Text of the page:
The Premier League's longest-serving manager has faced a season of unprecedented scrutiny at the Emirates Stadium, with the question as to whether he remains the right man to lead the club sparking a civil war between Gunners supporters.
Arsenal finished the 2016-17 season in fifth place, the first time they have finished outside the top four since Wenger's appointment in north London in 1996.
While they finished 18 points behind league leaders Chelsea, the club ended the campaign by winning a record 13th FA Cup after beating Antonio Conte's side at Wembley. Such a victory made the Frenchman the most successful manager in the competition's history.
His deal was formally ratified by the club's majority owner Stan Kroenke at a board meeting held on Tuesday (30 May).
"I love this club and I am looking forward to the future with optimism and excitement," a statement from Wenger said. "We are looking at what we do well and how we can be stronger everywhere. This is a strong group of players and with some additions we can be even more successful. We're committed to mounting a sustained league challenge and that will be our focus this summer and next season.
"I am grateful to have the support of the board and Stan in doing everything we can to win more trophies. It's what we all want and I know it's what our fans around the world demand."
Campaigns to force Wenger out of the club have been in full force for most of 2017. Prior to a Champions League last-16 second-leg clash with Bayern Munich, Gunners supporters dissented against the Frenchman before kick-off, with an estimated 200 fans marching in protest outside the stadium.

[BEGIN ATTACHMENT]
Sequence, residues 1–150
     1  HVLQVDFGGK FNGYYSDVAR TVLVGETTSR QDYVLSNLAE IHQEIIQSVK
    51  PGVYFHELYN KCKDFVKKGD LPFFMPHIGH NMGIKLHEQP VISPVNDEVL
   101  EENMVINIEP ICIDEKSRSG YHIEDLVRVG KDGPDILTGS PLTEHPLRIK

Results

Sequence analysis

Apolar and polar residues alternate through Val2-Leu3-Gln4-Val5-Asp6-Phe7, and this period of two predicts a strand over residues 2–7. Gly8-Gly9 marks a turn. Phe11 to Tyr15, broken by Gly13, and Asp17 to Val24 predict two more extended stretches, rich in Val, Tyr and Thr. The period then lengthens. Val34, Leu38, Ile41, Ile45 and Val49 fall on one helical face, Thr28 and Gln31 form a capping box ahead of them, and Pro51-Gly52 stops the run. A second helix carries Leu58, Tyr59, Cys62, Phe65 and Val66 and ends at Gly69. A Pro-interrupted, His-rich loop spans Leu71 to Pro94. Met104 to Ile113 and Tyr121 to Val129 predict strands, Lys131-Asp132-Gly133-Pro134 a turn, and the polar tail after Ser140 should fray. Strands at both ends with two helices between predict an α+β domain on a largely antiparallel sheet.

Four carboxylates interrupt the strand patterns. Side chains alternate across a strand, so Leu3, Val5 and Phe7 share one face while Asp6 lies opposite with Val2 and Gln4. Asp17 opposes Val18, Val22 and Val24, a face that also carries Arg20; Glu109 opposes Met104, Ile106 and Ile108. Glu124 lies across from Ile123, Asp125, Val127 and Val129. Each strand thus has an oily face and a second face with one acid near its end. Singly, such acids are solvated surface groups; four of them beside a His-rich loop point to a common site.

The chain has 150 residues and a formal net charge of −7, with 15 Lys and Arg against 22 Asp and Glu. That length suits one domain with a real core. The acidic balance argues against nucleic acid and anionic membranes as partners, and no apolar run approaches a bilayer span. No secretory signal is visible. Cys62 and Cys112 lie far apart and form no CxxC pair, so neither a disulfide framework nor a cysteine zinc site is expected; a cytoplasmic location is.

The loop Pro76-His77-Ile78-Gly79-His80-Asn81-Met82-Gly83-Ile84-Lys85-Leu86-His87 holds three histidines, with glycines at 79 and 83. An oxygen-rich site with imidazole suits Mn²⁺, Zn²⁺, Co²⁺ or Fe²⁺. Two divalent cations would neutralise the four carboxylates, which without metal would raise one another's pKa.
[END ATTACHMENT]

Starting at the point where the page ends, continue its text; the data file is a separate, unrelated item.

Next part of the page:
The mood only soured further as the evening went on and Arsenal went onto lose 10-2 on aggregate to the German champions. Further organised protests, banners calling for his departure and even planes being flown over the Emirates have made for a toxic atmosphere at the club.
While some sections of the Arsenal support have remained fiercely loyal, Wenger recently branded the treatment he has received from rebellious fans as a "disgrace". Arsenal players were also targeted with Wenger complaining of the "horrendous psychological" effect the unrest has had on his squad.
In his first nine seasons in charge, Wenger led Arsenal to three Premier League titles and four FA Cups, with their unbeaten 2003-04 league triumph still regarded as one of the most remarkable campaigns in English football history.
A trophy drought lasting nine years then ensued before ending with a 2014 FA Cup success over Hull City. Arsenal defended the trophy the following year before winning it for a third time in four seasons last Saturday.